Davis also wrote a blog for the BBC website entitled Evanomics in which he "attempts to understand the real world, using the tool kit of economics". Subjects he discussed included road pricing, care for the elderly, Gordon Brown's Budget and how to choose wine.

Davis has won several awards including the Work Foundation's Broadcast Journalist of the Year award in 1998, 2001 and 2003, and the Harold Wincott Business Broadcaster of the Year award in 2002. In 2008, Davis was ranked first in the Independent on Sunday's "pink list" of the hundred most influential gay and lesbian figures in British society.[8]

On 23 May 2005, Davis crossed picket lines during a day of industrial action by BBC staff over announced job cuts. Other notable broadcasters who turned up for work during the strike included Terry Wogan, Shelagh Fogarty and Declan Curry.[9][10] Davis was also noted for breaking a strike at the BBC, called by the National Union of Journalists, on 6 November 2010, when he arrived to present the Today Programme at 3:30am, along with fellow presenter Sarah Montague, not technically crossing a picket line as they arrived before it was formed.[11]

In mid-2007, Davis was a guest presenter on the Today programme for two weeks. In April 2008, he stood down as BBC Economics Editor to join the Today programme as a full-time presenter replacing Carolyn Quinn.[12][13] In 2009, Davis said that one of the best things about presenting on the radio is that "you can look things up on Wikipedia while on air".[14]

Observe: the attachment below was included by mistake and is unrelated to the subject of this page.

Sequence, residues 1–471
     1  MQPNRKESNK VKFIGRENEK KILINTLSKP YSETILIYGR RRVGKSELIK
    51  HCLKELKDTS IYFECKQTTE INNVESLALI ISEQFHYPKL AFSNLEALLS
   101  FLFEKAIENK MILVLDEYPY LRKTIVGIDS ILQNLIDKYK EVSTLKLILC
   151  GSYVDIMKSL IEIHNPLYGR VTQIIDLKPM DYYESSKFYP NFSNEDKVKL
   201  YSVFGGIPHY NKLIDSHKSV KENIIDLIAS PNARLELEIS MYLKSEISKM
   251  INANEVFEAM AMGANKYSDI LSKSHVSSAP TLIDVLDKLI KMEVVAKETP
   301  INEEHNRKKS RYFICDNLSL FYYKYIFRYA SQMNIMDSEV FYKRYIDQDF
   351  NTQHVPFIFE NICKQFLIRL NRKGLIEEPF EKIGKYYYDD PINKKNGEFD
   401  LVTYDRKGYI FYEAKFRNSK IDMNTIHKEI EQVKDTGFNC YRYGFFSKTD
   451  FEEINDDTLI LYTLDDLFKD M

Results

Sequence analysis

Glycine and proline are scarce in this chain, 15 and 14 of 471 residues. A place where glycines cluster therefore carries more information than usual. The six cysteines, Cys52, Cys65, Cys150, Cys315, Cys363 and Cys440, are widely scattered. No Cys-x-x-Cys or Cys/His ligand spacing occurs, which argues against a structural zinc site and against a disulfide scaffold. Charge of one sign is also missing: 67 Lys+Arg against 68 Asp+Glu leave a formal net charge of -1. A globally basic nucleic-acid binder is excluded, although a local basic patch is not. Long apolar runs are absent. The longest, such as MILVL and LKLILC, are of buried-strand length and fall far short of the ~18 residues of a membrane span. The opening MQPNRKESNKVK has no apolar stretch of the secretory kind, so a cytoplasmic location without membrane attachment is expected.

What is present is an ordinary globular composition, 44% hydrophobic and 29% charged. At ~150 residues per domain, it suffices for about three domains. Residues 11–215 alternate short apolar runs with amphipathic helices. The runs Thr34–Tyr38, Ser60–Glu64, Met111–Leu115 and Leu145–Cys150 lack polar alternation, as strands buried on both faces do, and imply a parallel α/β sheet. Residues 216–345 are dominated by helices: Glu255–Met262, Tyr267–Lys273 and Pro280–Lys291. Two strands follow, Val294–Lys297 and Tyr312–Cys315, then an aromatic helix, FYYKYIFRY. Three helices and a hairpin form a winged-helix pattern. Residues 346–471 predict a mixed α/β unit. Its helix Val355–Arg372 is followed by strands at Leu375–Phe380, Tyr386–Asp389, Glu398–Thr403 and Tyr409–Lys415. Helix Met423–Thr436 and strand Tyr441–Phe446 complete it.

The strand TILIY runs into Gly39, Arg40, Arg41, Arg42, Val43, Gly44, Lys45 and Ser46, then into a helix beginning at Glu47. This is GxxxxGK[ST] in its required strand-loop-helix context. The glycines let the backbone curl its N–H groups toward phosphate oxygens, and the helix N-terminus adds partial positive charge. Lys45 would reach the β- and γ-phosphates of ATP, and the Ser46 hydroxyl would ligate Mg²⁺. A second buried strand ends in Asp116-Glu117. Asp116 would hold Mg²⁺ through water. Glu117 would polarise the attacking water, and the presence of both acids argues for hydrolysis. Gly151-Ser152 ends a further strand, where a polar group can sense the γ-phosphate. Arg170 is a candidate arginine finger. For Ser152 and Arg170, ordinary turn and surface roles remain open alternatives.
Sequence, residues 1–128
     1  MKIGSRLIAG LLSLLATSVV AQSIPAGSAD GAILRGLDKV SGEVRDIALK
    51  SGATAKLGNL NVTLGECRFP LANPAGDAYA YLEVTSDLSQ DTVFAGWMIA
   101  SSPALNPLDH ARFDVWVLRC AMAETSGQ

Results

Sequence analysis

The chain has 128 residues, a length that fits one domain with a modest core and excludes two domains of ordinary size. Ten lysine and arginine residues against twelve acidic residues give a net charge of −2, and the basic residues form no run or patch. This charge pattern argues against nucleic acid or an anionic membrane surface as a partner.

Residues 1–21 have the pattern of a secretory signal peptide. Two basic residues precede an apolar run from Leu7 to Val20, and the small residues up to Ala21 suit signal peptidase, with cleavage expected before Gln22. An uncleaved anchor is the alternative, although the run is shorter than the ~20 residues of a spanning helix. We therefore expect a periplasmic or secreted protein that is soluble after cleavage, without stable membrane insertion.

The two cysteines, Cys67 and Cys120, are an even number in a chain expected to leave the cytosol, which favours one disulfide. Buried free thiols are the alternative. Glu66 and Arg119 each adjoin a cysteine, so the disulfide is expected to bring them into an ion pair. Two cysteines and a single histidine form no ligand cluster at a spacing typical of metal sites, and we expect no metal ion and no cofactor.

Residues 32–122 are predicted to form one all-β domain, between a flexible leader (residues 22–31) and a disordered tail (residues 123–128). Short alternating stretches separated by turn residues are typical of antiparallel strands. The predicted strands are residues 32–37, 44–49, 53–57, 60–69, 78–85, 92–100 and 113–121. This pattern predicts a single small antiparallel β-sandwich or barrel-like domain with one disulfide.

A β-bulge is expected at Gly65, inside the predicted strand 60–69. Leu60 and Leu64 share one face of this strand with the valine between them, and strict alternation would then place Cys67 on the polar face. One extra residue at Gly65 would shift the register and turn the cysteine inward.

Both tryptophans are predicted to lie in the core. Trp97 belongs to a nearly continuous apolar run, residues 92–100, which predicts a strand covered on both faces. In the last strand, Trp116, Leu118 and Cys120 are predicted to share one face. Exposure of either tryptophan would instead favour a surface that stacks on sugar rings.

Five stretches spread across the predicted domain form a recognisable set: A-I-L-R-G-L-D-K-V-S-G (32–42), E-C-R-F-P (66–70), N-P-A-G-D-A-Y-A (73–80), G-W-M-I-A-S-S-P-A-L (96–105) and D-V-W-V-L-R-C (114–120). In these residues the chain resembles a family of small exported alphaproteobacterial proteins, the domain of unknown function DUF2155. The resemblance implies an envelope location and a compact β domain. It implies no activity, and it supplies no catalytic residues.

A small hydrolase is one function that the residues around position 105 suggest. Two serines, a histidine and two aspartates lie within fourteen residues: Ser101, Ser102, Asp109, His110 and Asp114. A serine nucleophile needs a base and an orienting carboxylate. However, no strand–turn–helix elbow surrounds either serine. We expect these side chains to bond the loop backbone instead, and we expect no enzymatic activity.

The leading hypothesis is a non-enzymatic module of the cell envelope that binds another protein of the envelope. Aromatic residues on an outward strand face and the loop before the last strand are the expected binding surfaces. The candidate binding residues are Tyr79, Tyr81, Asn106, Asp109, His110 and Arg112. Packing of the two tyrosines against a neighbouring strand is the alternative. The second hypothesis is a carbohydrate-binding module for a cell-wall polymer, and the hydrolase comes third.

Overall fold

On top of his duties at Today, Davis also presents The Bottom Line, a weekly discussion programme on Radio 4 as well as Dragons' Denon BBC Two[3]

In 2012, Davis presented Built in Britain which looked at the role of major infrastructure projects in the UK, including examining the impact of the M25 on the town of Ashtead in Surrey where he grew up.

In 2014, Davis presented a BBC Two series Mind the Gap: London vs the Rest in which he explored the economic forces in Britain and why the capital city is so dominant.[15]

On 21 July 2014, it was announced that Davis would replace Jeremy Paxman as presenter of Newsnight starting in Autumn 2014.[16]

Writing[edit]

In 1998, Davis' book, Public Spending, was published by Penguin. In it, he argued for the privatisation of public services as a means to increase efficiency. Davis' second book was published in May 2011 by Little, Brown, with the title Made in Britain: How the Nation Earns Its Living.

Personal life[edit]